"Pristine Desert Skies"
Yesterday, I was horrified to read a recent remark made about the President of the United States. The rock guitarist, Ted Nugent called Mr. Obama "a subhuman mongrel." The comment was so vile that even Nugent's fellow right-wingers called him out for it, and ultimately a (sort of) apology was issued.
When I first read these repulsive words uttered against the president of this country, my reaction was visceral. These words literally produced a "sick feeling" some place deep inside me- like that time when I saw someone throw a trash bag from his car out onto the desert trail. Witnessing that act of intentional pollution literally made me feel "sick."
This morning I've been reflecting on the effect words have on us.
I actually believe that words have way more power than we may imagine. We think of words as symbols that need to be mentally decoded in order to have any effect to make sense. I actually think that all words (even those words we don't understand) have an energy to them - an energy that can carry a mighty punch.
A few years ago, I took great interest in a Japanese study about the "physical" effect of words. Photographs were taken of water molecules from a local lake that had been frozen into ice crystals. The same water was then blessed by a Zen Buddhist monk and also frozen into ice crystals.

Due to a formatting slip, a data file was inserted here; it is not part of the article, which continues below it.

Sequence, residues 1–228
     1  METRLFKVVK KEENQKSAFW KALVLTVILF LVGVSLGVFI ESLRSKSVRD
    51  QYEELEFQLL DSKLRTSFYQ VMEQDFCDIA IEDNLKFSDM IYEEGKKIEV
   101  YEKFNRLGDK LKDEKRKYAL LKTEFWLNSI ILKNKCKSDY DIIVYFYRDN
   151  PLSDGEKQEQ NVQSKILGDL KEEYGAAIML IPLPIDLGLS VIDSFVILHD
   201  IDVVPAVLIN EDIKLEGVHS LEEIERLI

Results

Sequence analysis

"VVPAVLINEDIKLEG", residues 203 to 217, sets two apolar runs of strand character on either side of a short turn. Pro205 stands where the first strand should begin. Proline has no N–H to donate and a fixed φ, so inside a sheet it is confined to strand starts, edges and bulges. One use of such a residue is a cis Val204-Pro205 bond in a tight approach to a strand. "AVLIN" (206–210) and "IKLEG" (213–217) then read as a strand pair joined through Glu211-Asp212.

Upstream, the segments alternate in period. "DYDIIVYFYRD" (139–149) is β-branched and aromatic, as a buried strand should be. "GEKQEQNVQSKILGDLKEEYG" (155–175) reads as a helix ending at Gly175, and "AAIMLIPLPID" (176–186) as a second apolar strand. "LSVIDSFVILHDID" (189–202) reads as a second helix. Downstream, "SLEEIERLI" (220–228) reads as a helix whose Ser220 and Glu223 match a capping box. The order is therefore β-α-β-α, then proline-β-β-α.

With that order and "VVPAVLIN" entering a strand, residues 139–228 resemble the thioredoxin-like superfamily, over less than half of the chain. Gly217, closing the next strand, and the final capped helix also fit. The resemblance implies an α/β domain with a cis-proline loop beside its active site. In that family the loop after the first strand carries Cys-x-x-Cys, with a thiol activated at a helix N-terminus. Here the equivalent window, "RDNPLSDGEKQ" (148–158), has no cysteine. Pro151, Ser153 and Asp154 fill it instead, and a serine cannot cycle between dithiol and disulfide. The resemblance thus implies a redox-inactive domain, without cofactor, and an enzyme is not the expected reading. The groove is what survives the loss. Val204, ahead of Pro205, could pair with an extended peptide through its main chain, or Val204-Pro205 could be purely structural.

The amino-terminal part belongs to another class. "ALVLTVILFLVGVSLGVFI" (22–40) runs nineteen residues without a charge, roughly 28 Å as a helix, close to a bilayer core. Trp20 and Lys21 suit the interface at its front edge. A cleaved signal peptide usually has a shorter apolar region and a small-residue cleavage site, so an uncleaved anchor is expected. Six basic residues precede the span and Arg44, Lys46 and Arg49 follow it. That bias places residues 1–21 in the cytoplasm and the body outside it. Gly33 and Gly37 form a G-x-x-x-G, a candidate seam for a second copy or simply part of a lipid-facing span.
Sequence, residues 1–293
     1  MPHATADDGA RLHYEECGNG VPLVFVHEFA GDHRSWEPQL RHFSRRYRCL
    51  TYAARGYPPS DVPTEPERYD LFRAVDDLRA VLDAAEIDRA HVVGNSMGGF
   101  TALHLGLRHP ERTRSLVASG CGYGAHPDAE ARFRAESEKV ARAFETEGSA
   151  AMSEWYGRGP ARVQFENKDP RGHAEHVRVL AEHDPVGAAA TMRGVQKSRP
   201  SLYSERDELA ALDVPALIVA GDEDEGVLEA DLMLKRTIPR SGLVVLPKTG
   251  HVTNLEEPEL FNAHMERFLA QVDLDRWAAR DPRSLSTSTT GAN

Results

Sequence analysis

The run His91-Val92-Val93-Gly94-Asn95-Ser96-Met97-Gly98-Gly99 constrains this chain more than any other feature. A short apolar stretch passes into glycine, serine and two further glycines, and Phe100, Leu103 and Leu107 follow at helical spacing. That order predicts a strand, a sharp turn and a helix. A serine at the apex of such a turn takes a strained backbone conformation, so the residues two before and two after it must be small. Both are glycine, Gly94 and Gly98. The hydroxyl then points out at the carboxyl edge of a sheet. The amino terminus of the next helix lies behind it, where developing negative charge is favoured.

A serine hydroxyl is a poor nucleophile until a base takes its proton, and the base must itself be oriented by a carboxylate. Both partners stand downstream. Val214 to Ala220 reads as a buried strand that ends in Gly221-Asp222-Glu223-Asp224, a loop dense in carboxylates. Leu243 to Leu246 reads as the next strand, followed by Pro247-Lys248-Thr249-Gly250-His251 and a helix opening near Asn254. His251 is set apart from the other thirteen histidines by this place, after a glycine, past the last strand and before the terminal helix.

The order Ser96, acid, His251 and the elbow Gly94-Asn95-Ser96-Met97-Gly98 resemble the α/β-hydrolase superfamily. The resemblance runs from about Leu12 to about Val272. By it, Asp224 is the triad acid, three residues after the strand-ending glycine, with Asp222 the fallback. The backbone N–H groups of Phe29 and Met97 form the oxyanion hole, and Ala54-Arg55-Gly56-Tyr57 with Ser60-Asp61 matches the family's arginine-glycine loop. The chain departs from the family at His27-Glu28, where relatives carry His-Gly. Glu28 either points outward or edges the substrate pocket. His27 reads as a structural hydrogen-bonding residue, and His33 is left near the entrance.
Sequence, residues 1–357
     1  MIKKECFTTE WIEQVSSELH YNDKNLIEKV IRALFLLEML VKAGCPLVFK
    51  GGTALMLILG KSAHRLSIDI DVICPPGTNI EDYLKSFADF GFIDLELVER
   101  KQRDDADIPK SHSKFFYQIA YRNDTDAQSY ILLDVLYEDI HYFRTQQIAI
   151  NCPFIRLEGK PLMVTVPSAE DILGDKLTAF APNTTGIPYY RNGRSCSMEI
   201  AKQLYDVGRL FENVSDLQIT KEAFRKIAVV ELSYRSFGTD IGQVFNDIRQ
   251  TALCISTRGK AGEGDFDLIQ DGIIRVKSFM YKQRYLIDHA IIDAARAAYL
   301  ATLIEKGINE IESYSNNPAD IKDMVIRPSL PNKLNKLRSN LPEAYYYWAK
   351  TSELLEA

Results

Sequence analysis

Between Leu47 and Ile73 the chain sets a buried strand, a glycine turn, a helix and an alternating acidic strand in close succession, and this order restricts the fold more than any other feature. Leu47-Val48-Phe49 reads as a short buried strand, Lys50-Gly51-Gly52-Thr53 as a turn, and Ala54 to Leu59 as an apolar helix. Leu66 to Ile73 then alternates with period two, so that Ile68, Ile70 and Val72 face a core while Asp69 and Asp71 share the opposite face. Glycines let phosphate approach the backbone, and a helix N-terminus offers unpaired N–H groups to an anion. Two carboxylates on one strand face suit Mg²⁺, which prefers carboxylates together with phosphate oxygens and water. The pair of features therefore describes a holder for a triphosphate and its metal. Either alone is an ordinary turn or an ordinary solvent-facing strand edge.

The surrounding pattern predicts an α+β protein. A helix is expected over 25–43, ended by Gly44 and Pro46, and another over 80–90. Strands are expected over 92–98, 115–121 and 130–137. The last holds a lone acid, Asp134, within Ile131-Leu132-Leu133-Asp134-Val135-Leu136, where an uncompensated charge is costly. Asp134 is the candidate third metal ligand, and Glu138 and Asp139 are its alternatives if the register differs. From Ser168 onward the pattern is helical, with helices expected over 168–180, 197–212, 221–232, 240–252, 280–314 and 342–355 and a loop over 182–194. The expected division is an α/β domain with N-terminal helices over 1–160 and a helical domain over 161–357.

Amazingly enough the words of harmony and blessing spoken by the monk over that water literally and physically changed the water.
Pictures of the crystals that were not blessed had a limp and collapsed structure with black holes and a yellowish edge. Pictures of the blessed water crystals exhibited pristine diamond-like characteristics - sparkling and gleaming.
I was absolutely fascinated by this study. It reinforced what I have been thinking all along. The words we use are "energy." They have power to create and they have power to destroy.
I think of how many times I have heard people say things like, "Her harsh words really hit me hard. I felt like I was being punched in the gut." I think about words used by bullies, so powerful that they have pushed victims into committing suicide. Words have power to destroy.
I also think about words that create and give new life- words of encouragement spoken in times of trouble or in the face of defeat that pack a powerful punch -energizing deflated spirits.
I can't tell you how many times I have spoken a few words of hope and comfort at a hospital bedside or at a graveside service; and regardless of what was actually said, just speaking those words had a visceral effect - a physical effect eliciting a new sense of hope and energy. Words have power to create.
When I read those vile words calling the president a "subhuman mongrel," I felt as if the crisp, clean desert air where I live with its pristine blue skies had actually been polluted- not figuratively but literally polluted. And in fact, it had.
As I sit here in my morning reflection, I am vividly reminded of the responsibility each of us has for the kind of words we use. Our words are very powerful. They can destroy, sicken, kill and pollute, or they can create life and elicit hope and give birth to beauty.